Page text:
Articles | Volume 8, issue 5
Development and technical paper
28 May 2015
Development and technical paper |  | 28 May 2015

A high-resolution ocean and sea-ice modelling system for the Arctic and North Atlantic oceans

F. Dupont, S. Higginson, R. Bourdallé-Badie, Y. Lu, F. Roy, G. C. Smith, J.-F. Lemieux, G. Garric, and F. Davidson

Abstract. As part of the CONCEPTS (Canadian Operational Network of Coupled Environmental PredicTion Systems) initiative, a high-resolution (1/12°) ice–ocean regional model is developed covering the North Atlantic and the Arctic oceans. The long-term objective is to provide Canada with short-term ice–ocean predictions and hazard warnings in ice-infested regions. To evaluate the modelling component (as opposed to the analysis – or data-assimilation – component, which is not covered in this contribution), a series of hindcasts for the period 2003–2009 is carried out, forced at the surface by the Canadian GDPS reforecasts (Smith et al., 2014). These hindcasts test how the model represents upper ocean characteristics and ice cover. Each hindcast implements a new aspect of the modelling or the ice–ocean coupling. Notably, the coupling to the multi-category ice model CICE is tested. The hindcast solutions are then assessed using a verification package under development, including in situ and satellite ice and ocean observations. The conclusions are as follows: (1) the model reproduces reasonably well the time mean, variance and skewness of sea surface height; (2) the model biases in temperature and salinity show that while the mean properties follow expectations, the Pacific Water signature in the Beaufort Sea is weaker than observed; (3) the modelled freshwater content of the Arctic agrees well with observational estimates; (4) the distribution and volume of the sea ice are shown to be improved in the latest hindcast due to modifications to the drag coefficients and to some degree to the ice thickness distribution available in CICE; (5) nonetheless, the model still overestimates the ice drift and ice thickness in the Beaufort Gyre.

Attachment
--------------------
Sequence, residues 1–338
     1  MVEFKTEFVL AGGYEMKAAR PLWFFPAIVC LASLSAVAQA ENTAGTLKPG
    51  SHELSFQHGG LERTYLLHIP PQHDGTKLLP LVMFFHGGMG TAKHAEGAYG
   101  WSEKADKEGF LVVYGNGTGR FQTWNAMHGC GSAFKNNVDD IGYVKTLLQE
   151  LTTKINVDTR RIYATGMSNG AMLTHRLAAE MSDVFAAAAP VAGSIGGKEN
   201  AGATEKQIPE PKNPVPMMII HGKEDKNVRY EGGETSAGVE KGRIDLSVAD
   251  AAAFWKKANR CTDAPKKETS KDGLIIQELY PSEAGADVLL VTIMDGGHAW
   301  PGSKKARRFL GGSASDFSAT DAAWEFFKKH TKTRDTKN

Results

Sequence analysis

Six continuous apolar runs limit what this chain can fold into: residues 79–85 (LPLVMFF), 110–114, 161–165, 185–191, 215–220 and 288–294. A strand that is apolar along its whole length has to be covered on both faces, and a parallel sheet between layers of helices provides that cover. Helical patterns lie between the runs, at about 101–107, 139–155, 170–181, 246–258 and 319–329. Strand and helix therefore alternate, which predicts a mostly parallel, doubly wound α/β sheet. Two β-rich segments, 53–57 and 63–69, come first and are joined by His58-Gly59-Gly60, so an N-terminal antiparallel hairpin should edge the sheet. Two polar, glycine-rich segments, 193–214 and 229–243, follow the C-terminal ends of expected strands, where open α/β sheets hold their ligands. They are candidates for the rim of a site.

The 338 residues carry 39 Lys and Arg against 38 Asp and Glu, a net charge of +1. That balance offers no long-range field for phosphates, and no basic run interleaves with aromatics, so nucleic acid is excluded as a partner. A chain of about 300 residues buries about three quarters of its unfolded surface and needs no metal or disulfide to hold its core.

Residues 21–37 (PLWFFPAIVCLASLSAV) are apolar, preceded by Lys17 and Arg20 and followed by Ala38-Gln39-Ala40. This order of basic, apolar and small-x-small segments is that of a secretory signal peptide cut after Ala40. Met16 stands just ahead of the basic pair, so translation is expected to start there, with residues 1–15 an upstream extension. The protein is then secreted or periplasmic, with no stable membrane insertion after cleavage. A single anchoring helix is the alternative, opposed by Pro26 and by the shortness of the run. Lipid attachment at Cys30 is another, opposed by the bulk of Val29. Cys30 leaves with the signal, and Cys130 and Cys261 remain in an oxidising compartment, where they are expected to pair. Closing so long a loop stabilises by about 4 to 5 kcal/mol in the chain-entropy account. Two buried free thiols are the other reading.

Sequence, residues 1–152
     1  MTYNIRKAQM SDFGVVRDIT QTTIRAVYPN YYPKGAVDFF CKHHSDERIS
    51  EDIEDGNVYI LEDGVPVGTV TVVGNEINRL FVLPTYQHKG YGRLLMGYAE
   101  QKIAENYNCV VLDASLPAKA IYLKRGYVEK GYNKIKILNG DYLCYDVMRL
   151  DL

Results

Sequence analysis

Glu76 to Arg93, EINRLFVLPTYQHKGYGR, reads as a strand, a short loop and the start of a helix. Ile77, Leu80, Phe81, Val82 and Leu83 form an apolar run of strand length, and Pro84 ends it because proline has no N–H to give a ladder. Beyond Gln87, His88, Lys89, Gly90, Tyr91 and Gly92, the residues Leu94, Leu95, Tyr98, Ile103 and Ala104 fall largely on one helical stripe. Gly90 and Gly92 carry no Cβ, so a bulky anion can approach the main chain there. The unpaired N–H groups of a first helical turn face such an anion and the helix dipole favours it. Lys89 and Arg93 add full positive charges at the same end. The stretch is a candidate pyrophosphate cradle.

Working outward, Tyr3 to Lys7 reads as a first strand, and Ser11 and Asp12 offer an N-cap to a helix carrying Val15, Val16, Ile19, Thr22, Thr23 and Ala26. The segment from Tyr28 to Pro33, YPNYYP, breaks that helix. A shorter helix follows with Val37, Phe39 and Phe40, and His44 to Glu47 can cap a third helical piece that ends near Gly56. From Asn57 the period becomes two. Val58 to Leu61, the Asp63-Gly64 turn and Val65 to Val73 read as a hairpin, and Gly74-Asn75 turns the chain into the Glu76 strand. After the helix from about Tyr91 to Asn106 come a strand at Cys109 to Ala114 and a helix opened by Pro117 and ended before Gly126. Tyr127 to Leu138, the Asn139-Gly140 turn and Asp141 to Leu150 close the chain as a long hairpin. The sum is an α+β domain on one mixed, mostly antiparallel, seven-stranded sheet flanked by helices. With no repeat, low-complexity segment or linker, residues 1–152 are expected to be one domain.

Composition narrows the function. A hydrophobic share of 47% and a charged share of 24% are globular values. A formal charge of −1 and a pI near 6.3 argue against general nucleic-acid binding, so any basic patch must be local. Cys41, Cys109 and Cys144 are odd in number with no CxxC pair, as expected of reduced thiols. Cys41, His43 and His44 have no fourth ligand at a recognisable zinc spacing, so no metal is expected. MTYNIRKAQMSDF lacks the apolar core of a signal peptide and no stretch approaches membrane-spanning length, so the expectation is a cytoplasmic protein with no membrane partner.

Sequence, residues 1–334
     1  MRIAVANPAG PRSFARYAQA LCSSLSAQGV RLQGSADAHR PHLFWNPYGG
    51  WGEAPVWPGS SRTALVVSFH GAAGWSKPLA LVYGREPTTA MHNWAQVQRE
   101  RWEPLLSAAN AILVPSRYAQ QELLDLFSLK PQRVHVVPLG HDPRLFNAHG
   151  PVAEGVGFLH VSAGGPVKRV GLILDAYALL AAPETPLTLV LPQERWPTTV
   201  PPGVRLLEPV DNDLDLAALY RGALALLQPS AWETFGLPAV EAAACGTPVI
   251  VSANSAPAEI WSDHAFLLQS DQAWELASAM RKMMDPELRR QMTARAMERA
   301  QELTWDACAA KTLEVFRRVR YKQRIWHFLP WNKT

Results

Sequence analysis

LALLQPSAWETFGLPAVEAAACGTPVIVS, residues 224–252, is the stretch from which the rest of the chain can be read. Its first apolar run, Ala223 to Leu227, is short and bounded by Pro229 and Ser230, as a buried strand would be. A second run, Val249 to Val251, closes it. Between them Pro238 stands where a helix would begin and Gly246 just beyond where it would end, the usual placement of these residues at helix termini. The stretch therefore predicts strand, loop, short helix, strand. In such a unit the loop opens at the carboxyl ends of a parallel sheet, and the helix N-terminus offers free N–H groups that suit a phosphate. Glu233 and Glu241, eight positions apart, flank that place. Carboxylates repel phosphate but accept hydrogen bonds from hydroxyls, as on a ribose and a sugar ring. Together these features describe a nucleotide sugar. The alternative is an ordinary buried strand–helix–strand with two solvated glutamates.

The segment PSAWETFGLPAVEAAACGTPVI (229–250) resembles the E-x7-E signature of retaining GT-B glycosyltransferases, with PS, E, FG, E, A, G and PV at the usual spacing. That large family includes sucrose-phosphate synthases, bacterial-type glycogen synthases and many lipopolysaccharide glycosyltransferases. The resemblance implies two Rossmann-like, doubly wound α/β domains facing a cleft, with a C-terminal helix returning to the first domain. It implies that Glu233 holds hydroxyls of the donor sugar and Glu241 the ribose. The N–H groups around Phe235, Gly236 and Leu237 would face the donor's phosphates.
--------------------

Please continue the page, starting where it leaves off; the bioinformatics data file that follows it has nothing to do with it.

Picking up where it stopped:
Short summary
1/12th degree resolution runs of Arctic--Atlantic were compared for the period 2003-2009. We found good representation of sea surface height and of its statistics; model temperature and salinity in general agreement with in situ measurements, but upper ocean properties in Beaufort Sea are challenging; distribution of concentration and volume of sea ice is improved when slowing down the ice and further improvements require better initial conditions and modifications to mixing.